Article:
The Office is not a great show anymore, but last night’s cold open was a kind of sweet, sidelong way of looking at what a long history we have with it by now. The premise was simple: a mylar balloon that’s been stuck on the ceiling of the warehouse forever is finally floating down to earth, and the office gathers around to celebrate it. As they think about how long the balloon’s freakish stay has been, the scene gradually turns from a fun diversion into a sad meditation on how old everyone has gotten, how different they are, what dreams they had that haven’t come to pass. Bummed out, they salvage the moment by getting a forklift and murdering the balloon.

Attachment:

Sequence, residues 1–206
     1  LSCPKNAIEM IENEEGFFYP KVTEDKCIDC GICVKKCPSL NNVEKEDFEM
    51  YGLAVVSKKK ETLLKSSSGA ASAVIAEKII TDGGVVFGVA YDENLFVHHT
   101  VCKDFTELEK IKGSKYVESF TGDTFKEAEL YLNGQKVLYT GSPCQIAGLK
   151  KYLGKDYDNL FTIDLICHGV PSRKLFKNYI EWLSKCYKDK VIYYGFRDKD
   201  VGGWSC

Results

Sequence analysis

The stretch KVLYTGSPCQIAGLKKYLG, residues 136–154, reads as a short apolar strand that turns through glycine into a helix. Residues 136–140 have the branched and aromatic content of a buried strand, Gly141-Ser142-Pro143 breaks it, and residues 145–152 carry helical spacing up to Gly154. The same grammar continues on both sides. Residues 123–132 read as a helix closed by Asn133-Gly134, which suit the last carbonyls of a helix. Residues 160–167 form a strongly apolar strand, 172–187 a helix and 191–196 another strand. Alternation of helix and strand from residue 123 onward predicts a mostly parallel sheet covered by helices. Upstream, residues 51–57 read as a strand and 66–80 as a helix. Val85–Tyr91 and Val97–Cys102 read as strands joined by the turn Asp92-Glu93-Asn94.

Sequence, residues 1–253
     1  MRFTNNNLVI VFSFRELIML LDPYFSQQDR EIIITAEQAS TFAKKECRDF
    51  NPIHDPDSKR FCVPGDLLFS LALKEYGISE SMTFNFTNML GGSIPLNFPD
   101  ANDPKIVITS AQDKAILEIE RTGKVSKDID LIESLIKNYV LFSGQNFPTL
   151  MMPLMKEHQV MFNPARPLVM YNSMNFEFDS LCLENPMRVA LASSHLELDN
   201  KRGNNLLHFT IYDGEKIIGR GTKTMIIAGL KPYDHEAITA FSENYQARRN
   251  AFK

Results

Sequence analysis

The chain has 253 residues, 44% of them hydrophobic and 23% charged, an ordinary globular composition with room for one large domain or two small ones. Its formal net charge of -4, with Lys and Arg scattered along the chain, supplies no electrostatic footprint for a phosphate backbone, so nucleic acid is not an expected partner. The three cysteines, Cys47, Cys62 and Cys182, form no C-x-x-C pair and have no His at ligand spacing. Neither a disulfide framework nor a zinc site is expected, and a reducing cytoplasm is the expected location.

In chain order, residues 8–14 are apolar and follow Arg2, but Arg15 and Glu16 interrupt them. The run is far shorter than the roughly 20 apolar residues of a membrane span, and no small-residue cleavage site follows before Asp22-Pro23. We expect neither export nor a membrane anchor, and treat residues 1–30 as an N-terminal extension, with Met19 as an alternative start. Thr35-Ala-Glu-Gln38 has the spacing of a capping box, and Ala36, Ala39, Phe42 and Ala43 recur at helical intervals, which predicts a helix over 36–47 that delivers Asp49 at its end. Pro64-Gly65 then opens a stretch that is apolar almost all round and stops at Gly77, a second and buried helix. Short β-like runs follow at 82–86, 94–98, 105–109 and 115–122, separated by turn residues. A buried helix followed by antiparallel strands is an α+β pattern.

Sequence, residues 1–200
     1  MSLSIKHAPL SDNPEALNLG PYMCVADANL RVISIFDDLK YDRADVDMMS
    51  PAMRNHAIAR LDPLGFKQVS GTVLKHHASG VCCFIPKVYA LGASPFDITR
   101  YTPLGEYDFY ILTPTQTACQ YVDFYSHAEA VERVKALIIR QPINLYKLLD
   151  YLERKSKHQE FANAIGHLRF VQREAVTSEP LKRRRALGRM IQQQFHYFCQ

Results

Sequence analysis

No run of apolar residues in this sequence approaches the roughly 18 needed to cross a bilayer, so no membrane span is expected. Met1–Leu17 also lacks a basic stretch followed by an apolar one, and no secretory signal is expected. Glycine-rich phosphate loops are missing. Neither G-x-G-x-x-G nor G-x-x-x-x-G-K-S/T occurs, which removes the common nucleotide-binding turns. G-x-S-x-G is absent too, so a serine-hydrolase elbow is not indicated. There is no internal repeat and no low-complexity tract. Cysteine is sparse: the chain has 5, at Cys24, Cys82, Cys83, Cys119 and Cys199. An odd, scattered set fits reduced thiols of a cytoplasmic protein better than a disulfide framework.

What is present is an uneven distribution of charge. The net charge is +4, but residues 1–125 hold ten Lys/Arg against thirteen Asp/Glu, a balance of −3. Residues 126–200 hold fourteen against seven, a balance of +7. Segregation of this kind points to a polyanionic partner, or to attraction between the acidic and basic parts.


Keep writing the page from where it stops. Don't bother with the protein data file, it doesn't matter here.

At this point, I might actually like The Office better if it consisted of nothing but cold opens and bits. Since Michael Scott left, the show has not been good at nailing down larger themes, arcs and stakes for its characters. What it still does very well is the small things: capturing a sense of how, in the daily bubble of an office environment, miniscule details that seem meaningless to outsiders take on tremendous significance.
This scene worked because the basic situation (unlike some of the outlandish A-plots, like the Sabre Pyramid product launch) rang true to life, because it was funny-dark in the way the show has been at its best—and also because in a meta way, it reflected some of the feelings that at least this viewer has watching The Office now. Hasn’t it been a long time? Weren’t we all so much younger once? Isn’t it maybe time to move on? [Update: Myles McNutt also looks at the meta-implications of the balloon-as-show at the AV Club.]
It would have, in fact, been an excellent cold open for a series finale. We won’t be getting one of those for a while, I suspect, but at this point I’ll take my moments from The Office where I can find them—somewhere up in the rafters.